Dir. Duncan Ward. UK. 2009. 90 mins
Boogie Woogie is a plucky attempt to craft the kind of all-star, multi-story mosaic that came so naturally to the late Robert Altman. The art world is fertile ground for any budding satirist but the subject matter already feels stale and whilst it raises the odd smile, Boogie Woogie never hits the mark as a trenchant morality tale. The stellar cast might prove an attraction for an older demographic but it is difficult to discern a theatrical audience for Duncan Ward’s debut feature.
It is easy enough to snigger at these shallow lives and grasping individuals but the film struggles when it requires them to be taken seriously.
Danny Moynihan’s novel Boogie Woogie offered scathing vignettes of the 1990s New York art scene and the author has shifted the setting to London for his own screen adaptation.
The focus here is on the friendly rivalry between rapacious art dealer Art Spindle (Danny Huston) and prolific collector Bob Maccelstone (Stellan Skarsgard). The competition intensifies over the purchase of a Mondrian Boogie Woogie painting owned by the elderly, impoverished Alfred Rhinegold (Christopher Lee). Rhinegold stubbornly refuses to sell but his wife Alfreda (Joanna Lumley) might be more amenable, especially when the offers start to nudge the £20 million mark.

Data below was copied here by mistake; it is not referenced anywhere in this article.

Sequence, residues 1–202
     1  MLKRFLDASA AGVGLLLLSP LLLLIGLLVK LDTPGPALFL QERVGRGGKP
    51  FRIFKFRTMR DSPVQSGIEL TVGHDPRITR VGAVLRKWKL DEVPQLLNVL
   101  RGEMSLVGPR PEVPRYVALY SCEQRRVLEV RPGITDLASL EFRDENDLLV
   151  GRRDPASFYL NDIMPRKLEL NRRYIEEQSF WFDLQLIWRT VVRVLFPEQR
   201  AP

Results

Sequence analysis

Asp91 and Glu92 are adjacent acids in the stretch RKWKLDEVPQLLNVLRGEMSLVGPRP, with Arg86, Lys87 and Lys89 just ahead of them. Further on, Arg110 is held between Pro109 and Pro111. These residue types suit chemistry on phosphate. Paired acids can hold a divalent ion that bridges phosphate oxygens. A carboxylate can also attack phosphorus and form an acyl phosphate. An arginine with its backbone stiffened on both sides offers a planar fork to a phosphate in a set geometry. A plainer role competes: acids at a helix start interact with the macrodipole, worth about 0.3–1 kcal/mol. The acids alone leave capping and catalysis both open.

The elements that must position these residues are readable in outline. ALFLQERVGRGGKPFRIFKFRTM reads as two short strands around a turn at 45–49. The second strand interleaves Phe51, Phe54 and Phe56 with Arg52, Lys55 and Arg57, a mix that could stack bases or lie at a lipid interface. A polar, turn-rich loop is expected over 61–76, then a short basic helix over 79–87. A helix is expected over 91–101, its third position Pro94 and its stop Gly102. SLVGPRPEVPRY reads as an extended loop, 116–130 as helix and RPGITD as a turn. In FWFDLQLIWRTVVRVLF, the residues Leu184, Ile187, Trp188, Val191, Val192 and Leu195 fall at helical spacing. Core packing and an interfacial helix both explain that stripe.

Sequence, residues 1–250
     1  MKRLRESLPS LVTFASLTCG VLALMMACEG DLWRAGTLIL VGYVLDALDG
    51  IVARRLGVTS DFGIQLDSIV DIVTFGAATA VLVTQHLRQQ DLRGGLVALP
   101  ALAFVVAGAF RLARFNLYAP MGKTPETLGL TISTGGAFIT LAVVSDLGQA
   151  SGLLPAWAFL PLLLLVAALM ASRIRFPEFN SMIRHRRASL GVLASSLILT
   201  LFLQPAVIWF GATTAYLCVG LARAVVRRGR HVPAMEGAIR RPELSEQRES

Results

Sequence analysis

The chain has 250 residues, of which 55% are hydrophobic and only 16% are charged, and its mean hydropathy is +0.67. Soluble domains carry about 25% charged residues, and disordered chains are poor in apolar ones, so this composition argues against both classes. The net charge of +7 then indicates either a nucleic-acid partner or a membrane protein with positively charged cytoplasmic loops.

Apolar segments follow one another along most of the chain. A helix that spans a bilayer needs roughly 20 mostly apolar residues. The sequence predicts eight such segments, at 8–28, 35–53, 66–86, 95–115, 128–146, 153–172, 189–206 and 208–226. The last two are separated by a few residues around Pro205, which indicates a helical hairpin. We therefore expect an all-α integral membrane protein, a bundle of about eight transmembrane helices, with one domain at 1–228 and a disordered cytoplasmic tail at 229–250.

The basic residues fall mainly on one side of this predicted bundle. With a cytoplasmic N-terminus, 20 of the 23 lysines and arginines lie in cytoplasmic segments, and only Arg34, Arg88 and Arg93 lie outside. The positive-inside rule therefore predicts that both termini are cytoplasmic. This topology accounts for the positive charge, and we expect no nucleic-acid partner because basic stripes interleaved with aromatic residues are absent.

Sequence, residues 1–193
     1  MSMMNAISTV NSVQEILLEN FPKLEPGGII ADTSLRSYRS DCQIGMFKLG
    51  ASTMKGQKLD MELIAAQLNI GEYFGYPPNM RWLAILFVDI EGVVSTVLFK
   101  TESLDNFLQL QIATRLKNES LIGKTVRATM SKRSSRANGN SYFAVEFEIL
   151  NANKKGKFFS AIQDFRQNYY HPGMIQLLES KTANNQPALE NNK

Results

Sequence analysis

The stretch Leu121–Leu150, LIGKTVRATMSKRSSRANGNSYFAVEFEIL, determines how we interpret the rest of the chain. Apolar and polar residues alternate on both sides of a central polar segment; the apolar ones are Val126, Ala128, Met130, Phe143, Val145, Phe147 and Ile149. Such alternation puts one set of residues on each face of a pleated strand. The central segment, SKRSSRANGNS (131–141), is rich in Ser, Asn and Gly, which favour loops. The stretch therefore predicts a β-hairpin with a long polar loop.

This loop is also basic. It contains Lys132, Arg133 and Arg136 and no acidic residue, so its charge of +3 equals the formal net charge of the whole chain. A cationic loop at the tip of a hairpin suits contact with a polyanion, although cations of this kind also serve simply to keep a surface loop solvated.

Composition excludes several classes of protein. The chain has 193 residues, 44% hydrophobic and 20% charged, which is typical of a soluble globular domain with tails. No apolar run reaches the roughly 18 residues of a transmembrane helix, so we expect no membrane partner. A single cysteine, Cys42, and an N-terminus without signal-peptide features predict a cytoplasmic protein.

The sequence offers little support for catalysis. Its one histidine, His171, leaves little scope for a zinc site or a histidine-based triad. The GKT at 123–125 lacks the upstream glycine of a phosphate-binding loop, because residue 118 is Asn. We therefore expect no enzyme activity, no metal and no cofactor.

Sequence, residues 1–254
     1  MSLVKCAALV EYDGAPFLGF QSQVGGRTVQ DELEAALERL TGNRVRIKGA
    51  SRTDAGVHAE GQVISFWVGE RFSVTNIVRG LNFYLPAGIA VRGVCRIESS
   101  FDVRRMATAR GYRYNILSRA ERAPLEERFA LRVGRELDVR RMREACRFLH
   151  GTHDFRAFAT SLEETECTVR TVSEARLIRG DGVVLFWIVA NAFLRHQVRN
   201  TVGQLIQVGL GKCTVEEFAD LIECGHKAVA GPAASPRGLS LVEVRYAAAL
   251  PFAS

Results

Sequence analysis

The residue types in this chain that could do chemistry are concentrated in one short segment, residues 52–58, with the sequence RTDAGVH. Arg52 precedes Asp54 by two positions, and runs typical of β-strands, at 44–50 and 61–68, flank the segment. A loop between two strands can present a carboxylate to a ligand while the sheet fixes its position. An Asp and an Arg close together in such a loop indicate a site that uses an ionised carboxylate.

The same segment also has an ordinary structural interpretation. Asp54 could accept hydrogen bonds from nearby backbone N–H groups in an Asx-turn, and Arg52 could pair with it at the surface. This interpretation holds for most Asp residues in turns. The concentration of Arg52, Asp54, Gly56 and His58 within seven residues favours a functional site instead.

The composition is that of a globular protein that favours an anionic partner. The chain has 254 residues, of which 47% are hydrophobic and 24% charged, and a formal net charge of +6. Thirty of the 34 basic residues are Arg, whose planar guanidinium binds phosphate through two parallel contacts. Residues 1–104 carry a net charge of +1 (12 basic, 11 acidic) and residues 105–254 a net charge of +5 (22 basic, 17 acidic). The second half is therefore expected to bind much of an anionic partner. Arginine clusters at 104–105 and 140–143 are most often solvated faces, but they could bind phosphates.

The fate of the Mondrian painting threads through a loose narrative which stretches to include the amorous antics of Macclestone’s restless wife Jean (Gillian Anderson), Spindle protege Beth (Heather Graham) and her decision to establish her own gallery, punky lesbian artist Elaine (Jaime Winstone) and the various betrayals, deceptions and background scheming that swirls around them.
Boogie Woogie takes some easy potshots at people who know the price of everything and the value of nothing. Christopher Lee’s Rhinegold is the film’s last apostle of decency, clinging to the Mondrian because he bought it directly from the artist and it is has a significance that transcends filthy lucre. Everyone else is simply out for what they can get, whether that is money, sex or fame. Spindle’s office is dominated by a sign saying Trust Me, underlining the obvious irony that flavours the film.
It is easy enough to snigger at these shallow lives and grasping individuals but the film struggles when it requires them to be taken seriously. The sketchy nature of the storyline results in predictable mini-dramas with little depth or substance, such as the Tracey Emin-like Elaine using footage of her sexual conquests in a video installation, or Bob and Jean’s marriage ending in a squabble over paintings, property and poodles rather than emotional issues. These are shallow individuals whose collective lives never coalesce into a gripping narrative.
The performances of the ensemble cast vary from the exaggerated to the personable with Stellan Skarsgard’s wry, rueful Bob one of the most naturalistic and engaging in the ensemble. Danny Huston’s Art has a touch of the pantomime villain to him as the actor employs a repertoire of insincere smiles and staccato cackles to suggest the empty bonhomie of a relentless opportunist.
The Works International
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